“The local builders are facing tremendous pressures to produce because the market is slowing in other parts of the country,” said Dick Rathgeber, a longtime local developer. But Austin can’t keep taking up the national slack without reducing the supply of houses even further.
“Now that their margins are not as high in those coastal markets, they are looking to the other divisions including Texas to be more profitable and show better margins,” said Eldon Rude, director of the Austin office of real estate research firm Metrostudy. “One of the ways the public builders are likely to do that is to carry less speculative inventory. That is one of the reasons that we’re seeing them have a strong push to reduce their inventory levels during the end of the year.”
Some builders have offered end-of-the-year discounts to spur sales. In mid-December, for example, Pulte was offering discounts as high as $40,000 on every one of its homes in Central Texas.
They also have offered cushy incentives to real estate agents who find buyers for their houses. Beginning in October, some agents received daily e-mails about various incentives — such as 10 percent commission, rather than the typical 3 to 6 percent — on certain houses in communities such as Leander.
Those initiatives likely will enable builders to start 2007 with less inventory and put them in a position to have better margins on homes they do sell next year.
Metrostudy expects builders to sell about as many houses next year as the 16,000 the research firm estimates they will sell by the end of 2006, but they will likely slightly slow the pace of building in an effort to keep inventory tight.
Other national trends could affect the Austin market.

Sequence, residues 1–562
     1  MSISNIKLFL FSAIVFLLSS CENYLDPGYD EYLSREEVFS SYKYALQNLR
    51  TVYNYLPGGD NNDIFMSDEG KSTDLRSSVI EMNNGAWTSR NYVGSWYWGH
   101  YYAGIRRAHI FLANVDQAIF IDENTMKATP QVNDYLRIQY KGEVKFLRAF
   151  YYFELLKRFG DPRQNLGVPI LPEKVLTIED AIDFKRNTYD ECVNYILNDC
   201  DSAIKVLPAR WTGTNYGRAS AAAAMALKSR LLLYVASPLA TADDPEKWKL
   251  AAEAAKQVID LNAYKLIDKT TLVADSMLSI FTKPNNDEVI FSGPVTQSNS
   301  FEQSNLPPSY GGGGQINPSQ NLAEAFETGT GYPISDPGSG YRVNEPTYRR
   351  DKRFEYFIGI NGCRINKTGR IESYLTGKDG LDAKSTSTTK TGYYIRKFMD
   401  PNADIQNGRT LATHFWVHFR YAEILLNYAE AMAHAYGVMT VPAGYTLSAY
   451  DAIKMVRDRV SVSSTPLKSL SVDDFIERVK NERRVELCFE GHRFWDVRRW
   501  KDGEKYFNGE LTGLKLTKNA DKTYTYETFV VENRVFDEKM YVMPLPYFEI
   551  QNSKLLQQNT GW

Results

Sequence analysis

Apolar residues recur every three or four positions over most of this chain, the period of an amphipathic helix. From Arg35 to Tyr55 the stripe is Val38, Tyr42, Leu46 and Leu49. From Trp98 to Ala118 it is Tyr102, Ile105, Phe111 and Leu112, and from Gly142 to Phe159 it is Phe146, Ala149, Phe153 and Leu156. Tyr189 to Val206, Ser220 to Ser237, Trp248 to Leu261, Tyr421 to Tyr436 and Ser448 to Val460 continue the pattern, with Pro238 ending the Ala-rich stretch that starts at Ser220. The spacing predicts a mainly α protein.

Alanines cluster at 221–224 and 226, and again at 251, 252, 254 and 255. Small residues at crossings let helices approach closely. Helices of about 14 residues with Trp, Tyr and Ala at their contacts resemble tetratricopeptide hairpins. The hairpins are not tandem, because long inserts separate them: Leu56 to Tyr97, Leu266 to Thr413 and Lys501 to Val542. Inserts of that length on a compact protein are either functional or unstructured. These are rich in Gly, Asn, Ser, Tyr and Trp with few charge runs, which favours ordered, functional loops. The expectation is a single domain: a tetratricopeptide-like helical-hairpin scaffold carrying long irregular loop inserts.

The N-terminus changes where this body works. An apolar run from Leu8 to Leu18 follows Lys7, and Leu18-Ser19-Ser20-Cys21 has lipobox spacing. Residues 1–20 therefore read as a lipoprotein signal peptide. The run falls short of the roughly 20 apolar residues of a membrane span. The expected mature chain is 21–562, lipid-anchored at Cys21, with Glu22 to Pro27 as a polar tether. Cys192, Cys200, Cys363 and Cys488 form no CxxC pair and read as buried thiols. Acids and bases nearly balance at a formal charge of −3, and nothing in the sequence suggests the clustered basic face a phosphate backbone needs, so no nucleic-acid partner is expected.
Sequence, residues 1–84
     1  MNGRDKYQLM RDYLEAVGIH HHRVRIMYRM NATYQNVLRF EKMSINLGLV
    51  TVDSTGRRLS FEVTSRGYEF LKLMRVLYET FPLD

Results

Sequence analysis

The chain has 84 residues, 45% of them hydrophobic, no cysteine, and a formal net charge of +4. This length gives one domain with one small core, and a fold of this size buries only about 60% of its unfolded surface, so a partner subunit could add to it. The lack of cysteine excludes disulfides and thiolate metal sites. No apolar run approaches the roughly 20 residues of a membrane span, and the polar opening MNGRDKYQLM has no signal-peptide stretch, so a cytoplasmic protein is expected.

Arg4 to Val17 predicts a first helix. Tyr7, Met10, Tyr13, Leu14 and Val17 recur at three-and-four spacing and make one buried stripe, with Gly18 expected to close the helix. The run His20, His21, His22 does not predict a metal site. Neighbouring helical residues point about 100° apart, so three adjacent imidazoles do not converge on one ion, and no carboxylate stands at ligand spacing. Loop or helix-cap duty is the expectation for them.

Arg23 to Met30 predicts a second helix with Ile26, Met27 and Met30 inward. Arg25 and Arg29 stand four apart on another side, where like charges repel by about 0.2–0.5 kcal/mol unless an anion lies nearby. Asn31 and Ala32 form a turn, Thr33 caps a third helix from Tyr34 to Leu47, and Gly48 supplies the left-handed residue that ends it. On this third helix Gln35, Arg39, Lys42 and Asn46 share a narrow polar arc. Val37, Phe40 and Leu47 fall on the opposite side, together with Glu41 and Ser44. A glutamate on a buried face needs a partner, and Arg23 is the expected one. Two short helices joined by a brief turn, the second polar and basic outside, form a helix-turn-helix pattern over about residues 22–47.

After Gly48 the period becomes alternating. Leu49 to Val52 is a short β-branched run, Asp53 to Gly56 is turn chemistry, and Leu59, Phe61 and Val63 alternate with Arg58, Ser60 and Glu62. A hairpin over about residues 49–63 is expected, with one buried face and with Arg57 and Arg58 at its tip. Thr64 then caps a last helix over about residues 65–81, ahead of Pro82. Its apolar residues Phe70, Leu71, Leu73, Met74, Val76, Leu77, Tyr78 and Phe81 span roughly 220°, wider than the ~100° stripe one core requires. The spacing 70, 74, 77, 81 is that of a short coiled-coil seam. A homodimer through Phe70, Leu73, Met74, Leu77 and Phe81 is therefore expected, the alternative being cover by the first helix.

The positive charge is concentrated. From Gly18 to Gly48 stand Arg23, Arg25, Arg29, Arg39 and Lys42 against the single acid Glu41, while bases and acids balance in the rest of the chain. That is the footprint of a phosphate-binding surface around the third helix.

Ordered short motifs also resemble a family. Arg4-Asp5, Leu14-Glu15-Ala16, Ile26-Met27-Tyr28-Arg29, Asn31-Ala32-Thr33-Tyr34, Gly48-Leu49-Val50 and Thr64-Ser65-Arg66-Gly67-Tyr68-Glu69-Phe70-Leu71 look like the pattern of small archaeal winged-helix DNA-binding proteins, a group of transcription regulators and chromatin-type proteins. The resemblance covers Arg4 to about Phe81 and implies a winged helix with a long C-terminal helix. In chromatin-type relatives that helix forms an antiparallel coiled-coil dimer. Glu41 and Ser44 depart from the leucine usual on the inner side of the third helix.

Slowdowns in other once-hot markets, such as the West Coast, could reduce the number of investors buying homes and moving here as it becomes harder to sell or get equity of properties elsewhere.
Mortgage data research firm First American Loan Performance estimates approximately 15 percent of new mortgages in the Austin area last year were for investor homes purchases, while nearly 8 percent were for second homes. That’s up from nearly 14 percent and 6 percent, respectively, in 2005.
Working late at the office of Austin-based Streetman Homes recently, founder Randy Streetman fielded three calls from interested California buyers after 8 p.m.
West Coast residents with plenty of cash from selling their homes are still buying in Central Texas, he said. But the recent housing downturn there has led to a spike in contract cancellations here.
Rising prices also could put home ownership out of reach for many buyers.
“Generally speaking, housing prices are growing about twice as fast as wages,” said Brian Kelsey, assistant director for the Capital Area Council of Government’s Center for Regional Development.
Still, Austin-area home prices remain low compared with those in many other markets. Nationally, the median existing single-family home price was $221,300 in October, according to the National Board of Realtors.
Long-term, Austin won’t be immune to the cyclical nature of the U.S. economy. Last month, the White House forecasted that the national economy will grow at a slower pace during the next six years.
“We will be subject to the cycles that impact the overall economy,” Rude, of Metrostudy, said. “If the U.S. slows more than is expected by most economists, then, we will feel that in Austin as it related to the demand for housing.”